In terms of other related legislation, in April 2012, in an effort to move forward with various reforms of the Section 8 program, the House Financial Services Subcommittee on Insurance, Housing and Community Opportunity released the Affordable Housing and Self-Sufficiency Improvement Act (AHSSIA), which includes a variety of changes to the Section 8 Program, including most notably an increase in minimum rents to $69.45, with an exception that would allow both public housing agencies and private owners to have rents less than $69.45 if they state good cause. This legislation would also improve hardship exemptions from minimum rent policies. However, since the bill was never formally introduced in the House, the bill died at the end of the 112th Congress. Neither chamber of Congress has yet floated a draft of rental assistance reform legislation in the 113th Congress. This past October, national housing organizations sent a letter to the House and Senate appropriations committees urging them to include 11 key rental assistance program reforms (from AHSSIA and other legislation) in the final FY 2014 appropriations bill. Due to the cost savings produced by reform legislation (as highlighted in the above letter), such legislation will likely be reconsidered in the future. The President's Budget Proposal also includes a series of legislative changes to the programs intended to streamline and enhance them.
About the Section 8 Program
About Reform Efforts
There has been an ongoing attempt to reform the Housing Choice Voucher program in previous congresses. The previous efforts, known as the Section 8 Voucher Reform Act (SEVRA) and the Section 8 Savings Act (SESA) intended to streamline and enhance the program, though there were controversies surrounding the minimum rent requirement in SESA. The Affordable Housing and Self-Sufficiency Act of 2011 (AHSSIA) was introduced by the House Financial Services Subcommittee on Insurance, Housing and Community Opportunity. Similar to SESA, AHSSIA would require HUD to implement minimum rents of approximately $70/month for tenants, though this iteration of the reform legislation does strengthen hardship exemptions and allow public housing authorities to make their own determination on waiving the monthly rents. AHSSIA would also allow up to 500,000 units to be included in a basic Moving to Work (MTW) program and in general strengthens the allocation of voucher renewal funding - the main impetus behind reforming the program.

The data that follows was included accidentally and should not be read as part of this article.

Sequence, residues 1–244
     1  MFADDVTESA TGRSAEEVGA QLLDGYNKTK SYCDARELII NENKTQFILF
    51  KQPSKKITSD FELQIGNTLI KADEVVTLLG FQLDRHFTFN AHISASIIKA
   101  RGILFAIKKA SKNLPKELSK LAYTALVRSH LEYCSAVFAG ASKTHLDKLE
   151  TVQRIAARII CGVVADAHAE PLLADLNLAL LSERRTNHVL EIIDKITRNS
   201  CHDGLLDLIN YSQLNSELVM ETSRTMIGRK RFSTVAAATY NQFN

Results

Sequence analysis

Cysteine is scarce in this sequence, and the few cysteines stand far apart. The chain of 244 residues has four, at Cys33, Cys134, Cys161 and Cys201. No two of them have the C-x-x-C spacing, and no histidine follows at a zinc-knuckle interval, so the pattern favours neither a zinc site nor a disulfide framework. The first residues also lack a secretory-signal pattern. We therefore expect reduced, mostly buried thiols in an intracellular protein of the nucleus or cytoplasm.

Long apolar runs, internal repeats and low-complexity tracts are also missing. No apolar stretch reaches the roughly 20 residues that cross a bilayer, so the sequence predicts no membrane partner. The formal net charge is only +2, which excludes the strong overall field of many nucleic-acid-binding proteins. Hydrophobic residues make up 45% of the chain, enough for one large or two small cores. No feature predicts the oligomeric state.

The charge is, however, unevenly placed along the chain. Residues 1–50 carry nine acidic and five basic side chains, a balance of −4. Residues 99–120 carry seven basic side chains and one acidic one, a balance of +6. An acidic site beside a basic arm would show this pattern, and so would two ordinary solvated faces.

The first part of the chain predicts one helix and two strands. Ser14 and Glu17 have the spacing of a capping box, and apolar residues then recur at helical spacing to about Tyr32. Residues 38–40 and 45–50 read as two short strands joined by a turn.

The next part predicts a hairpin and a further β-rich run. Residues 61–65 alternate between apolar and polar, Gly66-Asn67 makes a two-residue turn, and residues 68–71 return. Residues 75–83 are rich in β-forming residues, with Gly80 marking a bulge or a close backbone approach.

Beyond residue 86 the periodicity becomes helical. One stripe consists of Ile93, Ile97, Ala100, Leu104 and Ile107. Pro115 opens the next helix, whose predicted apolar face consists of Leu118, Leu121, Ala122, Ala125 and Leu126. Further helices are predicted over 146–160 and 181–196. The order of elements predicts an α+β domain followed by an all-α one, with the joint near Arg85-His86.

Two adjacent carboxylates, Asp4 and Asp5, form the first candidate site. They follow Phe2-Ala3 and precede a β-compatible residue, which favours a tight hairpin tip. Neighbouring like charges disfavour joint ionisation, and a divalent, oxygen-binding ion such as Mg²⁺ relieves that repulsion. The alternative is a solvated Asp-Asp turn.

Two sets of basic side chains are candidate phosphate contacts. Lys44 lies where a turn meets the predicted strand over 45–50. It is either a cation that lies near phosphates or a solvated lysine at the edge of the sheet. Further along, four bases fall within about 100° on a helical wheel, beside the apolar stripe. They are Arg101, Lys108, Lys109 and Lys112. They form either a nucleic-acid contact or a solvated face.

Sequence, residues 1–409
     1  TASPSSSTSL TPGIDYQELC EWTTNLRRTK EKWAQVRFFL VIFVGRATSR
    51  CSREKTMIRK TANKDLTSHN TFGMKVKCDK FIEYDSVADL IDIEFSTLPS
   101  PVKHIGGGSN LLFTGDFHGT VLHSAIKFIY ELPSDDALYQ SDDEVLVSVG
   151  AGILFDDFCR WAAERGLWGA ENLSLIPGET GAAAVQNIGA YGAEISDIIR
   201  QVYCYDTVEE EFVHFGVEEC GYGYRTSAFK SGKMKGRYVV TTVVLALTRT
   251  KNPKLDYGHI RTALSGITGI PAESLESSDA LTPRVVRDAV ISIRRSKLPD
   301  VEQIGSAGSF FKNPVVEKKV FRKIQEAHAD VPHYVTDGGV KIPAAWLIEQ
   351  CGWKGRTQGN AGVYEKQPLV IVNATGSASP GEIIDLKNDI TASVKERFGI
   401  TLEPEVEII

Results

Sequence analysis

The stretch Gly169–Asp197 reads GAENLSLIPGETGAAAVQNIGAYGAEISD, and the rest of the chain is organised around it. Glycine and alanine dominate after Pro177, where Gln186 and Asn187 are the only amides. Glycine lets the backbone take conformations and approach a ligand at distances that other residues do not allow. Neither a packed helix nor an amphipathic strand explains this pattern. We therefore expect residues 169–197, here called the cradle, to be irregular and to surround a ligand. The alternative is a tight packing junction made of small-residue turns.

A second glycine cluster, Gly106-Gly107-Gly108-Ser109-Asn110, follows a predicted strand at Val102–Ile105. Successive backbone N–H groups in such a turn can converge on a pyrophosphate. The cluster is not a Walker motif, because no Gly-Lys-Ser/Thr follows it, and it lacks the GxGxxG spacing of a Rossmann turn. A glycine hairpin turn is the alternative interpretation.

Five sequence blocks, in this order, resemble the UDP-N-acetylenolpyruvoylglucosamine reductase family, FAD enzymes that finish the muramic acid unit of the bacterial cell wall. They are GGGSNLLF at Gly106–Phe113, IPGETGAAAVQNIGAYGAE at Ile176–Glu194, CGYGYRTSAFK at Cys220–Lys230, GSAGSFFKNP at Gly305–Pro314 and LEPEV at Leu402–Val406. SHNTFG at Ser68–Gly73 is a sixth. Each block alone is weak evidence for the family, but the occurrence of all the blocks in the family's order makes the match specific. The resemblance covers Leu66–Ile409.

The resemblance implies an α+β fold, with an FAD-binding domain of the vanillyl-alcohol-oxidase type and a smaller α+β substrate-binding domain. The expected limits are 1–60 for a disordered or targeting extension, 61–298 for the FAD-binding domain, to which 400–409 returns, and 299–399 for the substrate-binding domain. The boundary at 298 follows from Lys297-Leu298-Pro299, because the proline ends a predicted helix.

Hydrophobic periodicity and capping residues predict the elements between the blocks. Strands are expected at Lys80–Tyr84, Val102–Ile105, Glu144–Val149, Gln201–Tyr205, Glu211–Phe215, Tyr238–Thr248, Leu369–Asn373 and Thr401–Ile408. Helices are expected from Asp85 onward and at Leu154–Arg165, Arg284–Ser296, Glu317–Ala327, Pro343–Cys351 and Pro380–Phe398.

Reform of the Housing Choice Voucher program for the first time in ten years would help the program continue to provide affordable housing to millions of households, while using federal resources more efficiently. For a more in-depth analysis of proposals as they are available and other information, please see the National Low Income Housing Coalition's webpage.